Imraan Buccus warns that people vote according to material interests and not out of ethnic identification, as some parties think, therefore persuing the Indian vote may just be a waste of valuable electioneering time.
As the election draws nearer all the political parties are gearing up into full campaigning mode. Even the ways in which we remember Nelson Mandela, that towering political visionary, has been dragged into electioneering.
In Cape Town every election hinges on the so-called “coloured vote”. Here in Durban the so-called “Indian vote” has often proven to be decisive.
The ANC has kicked off the battle by announcing that two Phoenix councillors, Ronnie Veeran and Roy Moodley, have left the DA for the ANC. The ANC statement declares that today’s ANC is the same ANC of struggle stalwarts like “Yusuf Dadoo, Monty Naicker, Billy Nair and Mewa Ramgobin”.
Some may well argue that today’s ANC is, very clearly, a very different organisation from the one that people like Dadoo, Naicker, Nair and others supported. The idea that someone like Dadoo would countenance Nkandla, or the assassination of housing activists in Cato Crest, is just not on.
And the ANC should not think that Indian people will only vote for a party with Indian heroes. The idea that Indian people may cast their vote on the basis of principle, or support of particular policies or personalities rather than out of ethnic identification, should also be factored in by the ANC. The ANC is committed to non-racialism, after all.
The Indian vote has always been something of a myth. Back in the 1990s Adam Habib, now the vice-chancellor of the University of the Witwatersrand, first made his name when, as a lecturer at the former University of Durban-Westville, he wrote a paper debunking the myth of the “Indian vote”. Habib showed that in upper-class Indian areas Indian people overwhelmingly voted for the ANC while in working-class areas there was strong support for rival parties.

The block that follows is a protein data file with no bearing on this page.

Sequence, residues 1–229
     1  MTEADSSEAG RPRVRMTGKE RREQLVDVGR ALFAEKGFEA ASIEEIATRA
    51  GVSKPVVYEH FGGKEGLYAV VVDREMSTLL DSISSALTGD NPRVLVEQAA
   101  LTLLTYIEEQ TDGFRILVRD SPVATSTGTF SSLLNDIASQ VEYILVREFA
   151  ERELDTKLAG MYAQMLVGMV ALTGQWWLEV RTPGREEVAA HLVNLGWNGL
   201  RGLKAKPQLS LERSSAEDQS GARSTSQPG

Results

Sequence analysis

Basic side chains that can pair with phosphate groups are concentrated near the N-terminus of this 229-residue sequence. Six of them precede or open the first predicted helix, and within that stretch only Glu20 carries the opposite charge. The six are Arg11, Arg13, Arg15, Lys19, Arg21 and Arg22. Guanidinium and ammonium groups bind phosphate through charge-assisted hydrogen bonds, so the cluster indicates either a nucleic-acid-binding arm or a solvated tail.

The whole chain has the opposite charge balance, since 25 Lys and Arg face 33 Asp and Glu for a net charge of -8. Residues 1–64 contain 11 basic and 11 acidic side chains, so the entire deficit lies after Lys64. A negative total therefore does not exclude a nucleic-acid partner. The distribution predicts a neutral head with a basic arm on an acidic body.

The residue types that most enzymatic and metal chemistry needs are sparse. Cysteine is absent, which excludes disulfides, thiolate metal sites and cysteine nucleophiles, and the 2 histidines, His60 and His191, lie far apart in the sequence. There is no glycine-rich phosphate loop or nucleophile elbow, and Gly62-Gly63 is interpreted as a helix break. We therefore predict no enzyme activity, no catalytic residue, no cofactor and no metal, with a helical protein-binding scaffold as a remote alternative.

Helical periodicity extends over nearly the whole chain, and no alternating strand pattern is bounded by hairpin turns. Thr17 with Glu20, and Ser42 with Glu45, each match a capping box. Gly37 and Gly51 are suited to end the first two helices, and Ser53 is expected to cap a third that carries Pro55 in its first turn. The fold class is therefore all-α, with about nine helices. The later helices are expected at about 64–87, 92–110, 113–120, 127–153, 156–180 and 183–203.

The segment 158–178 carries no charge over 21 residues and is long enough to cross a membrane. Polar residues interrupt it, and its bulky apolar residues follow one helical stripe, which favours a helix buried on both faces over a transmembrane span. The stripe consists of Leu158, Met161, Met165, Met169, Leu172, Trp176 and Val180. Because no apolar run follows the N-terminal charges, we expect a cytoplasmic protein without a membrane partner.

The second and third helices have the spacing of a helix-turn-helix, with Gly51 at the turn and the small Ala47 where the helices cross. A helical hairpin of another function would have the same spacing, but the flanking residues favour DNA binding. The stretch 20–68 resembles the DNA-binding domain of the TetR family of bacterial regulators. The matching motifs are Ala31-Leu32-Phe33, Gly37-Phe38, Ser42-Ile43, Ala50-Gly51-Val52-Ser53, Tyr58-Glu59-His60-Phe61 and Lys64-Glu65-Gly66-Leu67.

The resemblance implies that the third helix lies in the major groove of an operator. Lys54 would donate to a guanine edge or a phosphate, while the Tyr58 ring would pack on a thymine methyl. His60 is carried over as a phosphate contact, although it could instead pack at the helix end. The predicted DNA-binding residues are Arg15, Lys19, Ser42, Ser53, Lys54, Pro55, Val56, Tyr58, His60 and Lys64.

This pattern was explained by the fact that upper-class Indians were well placed to benefit from affirmative action and were therefore thriving in the new democracy.
On the other hand, working-class and poor Indians were losing jobs in clothing and shoe factories in great numbers and had often found that the new democracy had made their lives more difficult.
In other words, people didn’t vote out of ethnic identification. They voted in accordance with their material interests. Of course, the Minority Front always did its best to mobilise Indian people on an ethnic basis. And every now and then demagogic leaders have tried to do the same. But the bulk of the Indian electorate has had no truck with ethnic politics.
But both the leading political parties prefer the myth of “the Indian vote” to the reality that Indians are a diverse group of people in terms of class and political principles and ideas. The ANC is pushing particularly hard to win over Indian voters in this election. Pravin Gordhan has been on a walkabout at the Bangladesh market, and Ravi Pillay and Maggie Govender have been hard at work in historically Indian areas. All three are excellent, committed and principled politicians and need to be wary about the politics of non-racialism.
The ANC does have two possible aces up its sleeve.
One of those aces is that the fascistic anti-Indian ravings of Phumlani Mfeka and his Mazibuye Africa Forum, along with the anti-Indian elements in Julius Malema’s Economic Freedom Fighters, have left some Indian people feeling rattled. In this climate the ANC’s tactic of showing its historical connection to heroic Indian activists of the past, and using its current Indian leaders to campaign, may make some Indian voters feel more at home in the party than they do outside. And, of course, one can’t compare fascistic movements with the stature of the ANC. There is a good chance that Mfeke and Malema will win the ANC a considerable number of votes.
The other ace is that, as the ruling party, the ANC just has more power to get things done. This fact may well appeal to some less well-off voters who really depend on state services.
But no doubt some will turn to opposition parties and some will just not vote at all. And some will turn to the kind of grassroots activists that were such a powerful force in the 1980s.
It is arguable that the most interesting development in politics in Durban at the moment is the decision of the ratepayers’ organisation in Clare Estate to throw in its lot with the shack dwellers’ movement in the area. This unity across race and class in the interests of a “Clare Estate for all” is an inspiring break with the divisions of the past, divisions that are often repeated when political parties approach citizens as if we were first and foremost members of coherent racial blocs.
But whether we like it or not, the myth of the “Indian vote” is not going away soon.